Synopsis by Sandra Brennan
This Disney adventure differed from many films of its era in that it depicted an unusually humanistic view of Native Americans as it tells the story of a young Sioux who finds a wild horse, captures the magnificent animal, names him Tonka, and patiently gentles him. According to custom, he is supposed to give it to his elder cousin, a despicable and cruel fellow who takes pleasure in beating Tonka and who eventually sells him to the cavalry. A kindly cavalry captain buys Tonka and names him Comanche. Meanwhile, the grieving youth, decides he must be with his horse and so sneaks into the fort where he is promptly captured. Fortunately, the captain, who has come to love his horse as much as the boy does, understands the youth. Later the captain rides the horse into the fateful battle at Little Big Horn and in the end, Tonka is the only survivor. The youth takes his horse and is later made an honorary member of the cavalry.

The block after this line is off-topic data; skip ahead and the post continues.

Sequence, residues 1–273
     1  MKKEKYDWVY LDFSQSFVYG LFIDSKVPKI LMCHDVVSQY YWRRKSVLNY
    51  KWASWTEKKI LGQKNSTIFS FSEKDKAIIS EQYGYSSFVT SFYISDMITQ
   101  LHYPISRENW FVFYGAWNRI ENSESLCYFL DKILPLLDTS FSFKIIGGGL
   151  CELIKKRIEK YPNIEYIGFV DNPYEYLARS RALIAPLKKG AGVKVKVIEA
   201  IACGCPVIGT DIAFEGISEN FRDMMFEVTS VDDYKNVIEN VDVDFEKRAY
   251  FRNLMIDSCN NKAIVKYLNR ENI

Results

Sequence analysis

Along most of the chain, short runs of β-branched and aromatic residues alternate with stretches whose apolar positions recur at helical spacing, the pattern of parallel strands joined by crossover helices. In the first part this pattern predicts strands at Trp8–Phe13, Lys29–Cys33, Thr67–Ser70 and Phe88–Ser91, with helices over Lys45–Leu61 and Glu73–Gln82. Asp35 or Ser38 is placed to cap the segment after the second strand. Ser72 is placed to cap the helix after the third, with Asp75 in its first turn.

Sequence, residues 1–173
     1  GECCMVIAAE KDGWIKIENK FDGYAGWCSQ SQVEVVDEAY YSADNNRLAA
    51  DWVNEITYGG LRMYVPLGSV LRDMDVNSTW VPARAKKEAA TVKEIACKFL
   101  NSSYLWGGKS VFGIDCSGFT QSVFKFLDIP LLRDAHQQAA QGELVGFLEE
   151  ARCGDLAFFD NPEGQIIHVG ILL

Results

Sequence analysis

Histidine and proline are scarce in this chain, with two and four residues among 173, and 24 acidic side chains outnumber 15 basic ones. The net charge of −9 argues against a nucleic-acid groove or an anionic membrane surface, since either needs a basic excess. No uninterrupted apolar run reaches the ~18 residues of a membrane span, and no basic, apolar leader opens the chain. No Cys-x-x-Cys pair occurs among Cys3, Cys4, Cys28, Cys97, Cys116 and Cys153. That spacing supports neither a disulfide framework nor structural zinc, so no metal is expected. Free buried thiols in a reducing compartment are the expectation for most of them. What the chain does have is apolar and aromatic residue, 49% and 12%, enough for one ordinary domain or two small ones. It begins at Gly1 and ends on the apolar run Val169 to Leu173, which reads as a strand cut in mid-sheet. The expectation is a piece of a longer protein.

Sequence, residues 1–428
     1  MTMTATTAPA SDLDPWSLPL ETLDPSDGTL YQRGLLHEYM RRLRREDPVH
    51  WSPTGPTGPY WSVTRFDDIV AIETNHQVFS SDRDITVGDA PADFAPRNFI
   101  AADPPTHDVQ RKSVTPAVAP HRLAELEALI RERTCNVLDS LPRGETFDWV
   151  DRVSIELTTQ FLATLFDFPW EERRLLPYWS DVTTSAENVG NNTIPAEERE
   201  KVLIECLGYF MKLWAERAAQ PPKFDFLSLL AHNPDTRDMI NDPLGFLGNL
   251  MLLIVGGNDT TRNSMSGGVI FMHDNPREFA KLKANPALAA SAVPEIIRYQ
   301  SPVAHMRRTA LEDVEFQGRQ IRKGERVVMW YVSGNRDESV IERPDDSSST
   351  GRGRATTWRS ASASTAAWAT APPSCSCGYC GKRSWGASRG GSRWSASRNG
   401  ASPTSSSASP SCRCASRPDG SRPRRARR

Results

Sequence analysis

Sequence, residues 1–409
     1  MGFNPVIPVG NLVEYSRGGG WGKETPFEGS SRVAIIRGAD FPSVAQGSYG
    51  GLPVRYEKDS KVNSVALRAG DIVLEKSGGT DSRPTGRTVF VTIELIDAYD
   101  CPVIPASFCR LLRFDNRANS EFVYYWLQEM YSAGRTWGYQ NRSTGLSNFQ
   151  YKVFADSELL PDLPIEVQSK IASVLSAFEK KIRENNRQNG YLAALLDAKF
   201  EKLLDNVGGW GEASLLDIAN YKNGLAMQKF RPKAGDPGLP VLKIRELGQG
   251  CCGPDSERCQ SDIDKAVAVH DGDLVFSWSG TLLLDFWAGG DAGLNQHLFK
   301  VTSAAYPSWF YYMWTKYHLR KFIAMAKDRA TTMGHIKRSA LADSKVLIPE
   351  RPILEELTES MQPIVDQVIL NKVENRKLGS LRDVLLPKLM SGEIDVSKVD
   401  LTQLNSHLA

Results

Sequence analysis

animal, friendship, love, bully, cousin, family, horse, Native-American, survivor